“Probiotics” and intestinal health has been all over the media. Unofficial, individual reports are positive for limited prevention of diarrhea!  Your trip preparation may include bringing over the counter probiotics and a few lightweight food items that will help with fluid replacement following diarrhea. Oatmeal packets, soup packets, dry Pedialyte® or CeraLyte®that you can add boiled or bottled water to. Salty crackers are good to have handy. If you have a fever or bloody diarrhea, seek medical help immediately. The WHO states hand washing alone can lower the incidence of TD by as much as 30%.

Boil it, cook it, peel it OR forget it!

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Children and Travel

Children are likely to face most of the same health issues during international travel as adults.  Caregivers should be acutely aware of signs of distress or illness of infants and children in their care. If the little travelers have chronic conditions or are immunocompromised, special consideration must be given to their needs. Children can quickly become dehydrated, fussy and febrile. A few important tips come to mind, for example, only serve pasteurized dairy products and thoroughly cooked foods. Infant formula must be mixed with bottled water. Bring: your own car seat for safe travel, quick snacks to satisfy a hunger emergency, oral re-hydration solution packets(check out www.ceraproductsinc.com), childrens’ medicines appropriate to treat a fever or pain. Antimalaria medication prescribed by the child’s doctor will be based on weight and destination.  www.cdc.gov/travel has detailed information on malaria  including avoidance measures for mosquitoes and other pesky vectors. Repellents containing at least 25% DEET  is appropriate and safe for exposed skin on children over 2 months of age according to the CDC and American Academy of Pediatrics.  Sunblock with SPF >15 is a must along with appropriate clothing to prevent sunburn. Keeping little hands clean is a near insurmountable task, yet exposure to disease from sand, soil and solid surfaces is common. Teach children  to keep away from animals that can potentially carry rabies. www.arlingtonpediatrics.com has some wonderful tips for a variety of common concerns. My hands-down favorite guide for parents traveling with children is found at www.kidsTravelDoc.com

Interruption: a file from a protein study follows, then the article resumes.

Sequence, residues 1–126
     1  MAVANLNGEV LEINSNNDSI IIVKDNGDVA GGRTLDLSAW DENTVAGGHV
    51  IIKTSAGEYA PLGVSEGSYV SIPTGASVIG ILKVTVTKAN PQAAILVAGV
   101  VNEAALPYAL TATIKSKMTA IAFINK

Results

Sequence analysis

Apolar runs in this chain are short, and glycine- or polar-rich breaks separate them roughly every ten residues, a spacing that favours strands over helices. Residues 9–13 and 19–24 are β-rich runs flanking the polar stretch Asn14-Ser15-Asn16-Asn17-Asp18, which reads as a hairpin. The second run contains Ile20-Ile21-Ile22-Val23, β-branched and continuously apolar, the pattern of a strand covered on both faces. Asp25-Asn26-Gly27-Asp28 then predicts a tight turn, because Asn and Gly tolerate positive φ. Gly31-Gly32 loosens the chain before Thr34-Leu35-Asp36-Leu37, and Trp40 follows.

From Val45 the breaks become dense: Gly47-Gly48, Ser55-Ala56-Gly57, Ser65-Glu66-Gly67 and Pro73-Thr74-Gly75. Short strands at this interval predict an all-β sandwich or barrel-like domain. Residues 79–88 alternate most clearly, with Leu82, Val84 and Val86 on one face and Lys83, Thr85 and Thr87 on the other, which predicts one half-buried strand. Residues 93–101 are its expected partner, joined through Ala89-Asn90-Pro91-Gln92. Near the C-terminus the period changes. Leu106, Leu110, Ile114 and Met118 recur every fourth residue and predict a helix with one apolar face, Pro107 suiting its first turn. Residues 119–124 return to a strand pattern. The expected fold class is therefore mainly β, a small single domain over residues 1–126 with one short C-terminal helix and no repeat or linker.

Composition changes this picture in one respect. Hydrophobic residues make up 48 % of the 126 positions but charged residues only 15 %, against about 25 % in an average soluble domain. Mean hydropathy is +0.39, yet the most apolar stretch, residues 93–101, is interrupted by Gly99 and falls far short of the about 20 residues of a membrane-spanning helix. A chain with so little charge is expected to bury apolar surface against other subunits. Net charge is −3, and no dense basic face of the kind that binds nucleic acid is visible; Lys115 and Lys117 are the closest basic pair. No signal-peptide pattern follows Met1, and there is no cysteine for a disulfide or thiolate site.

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Medical Care Items to take on Your Trip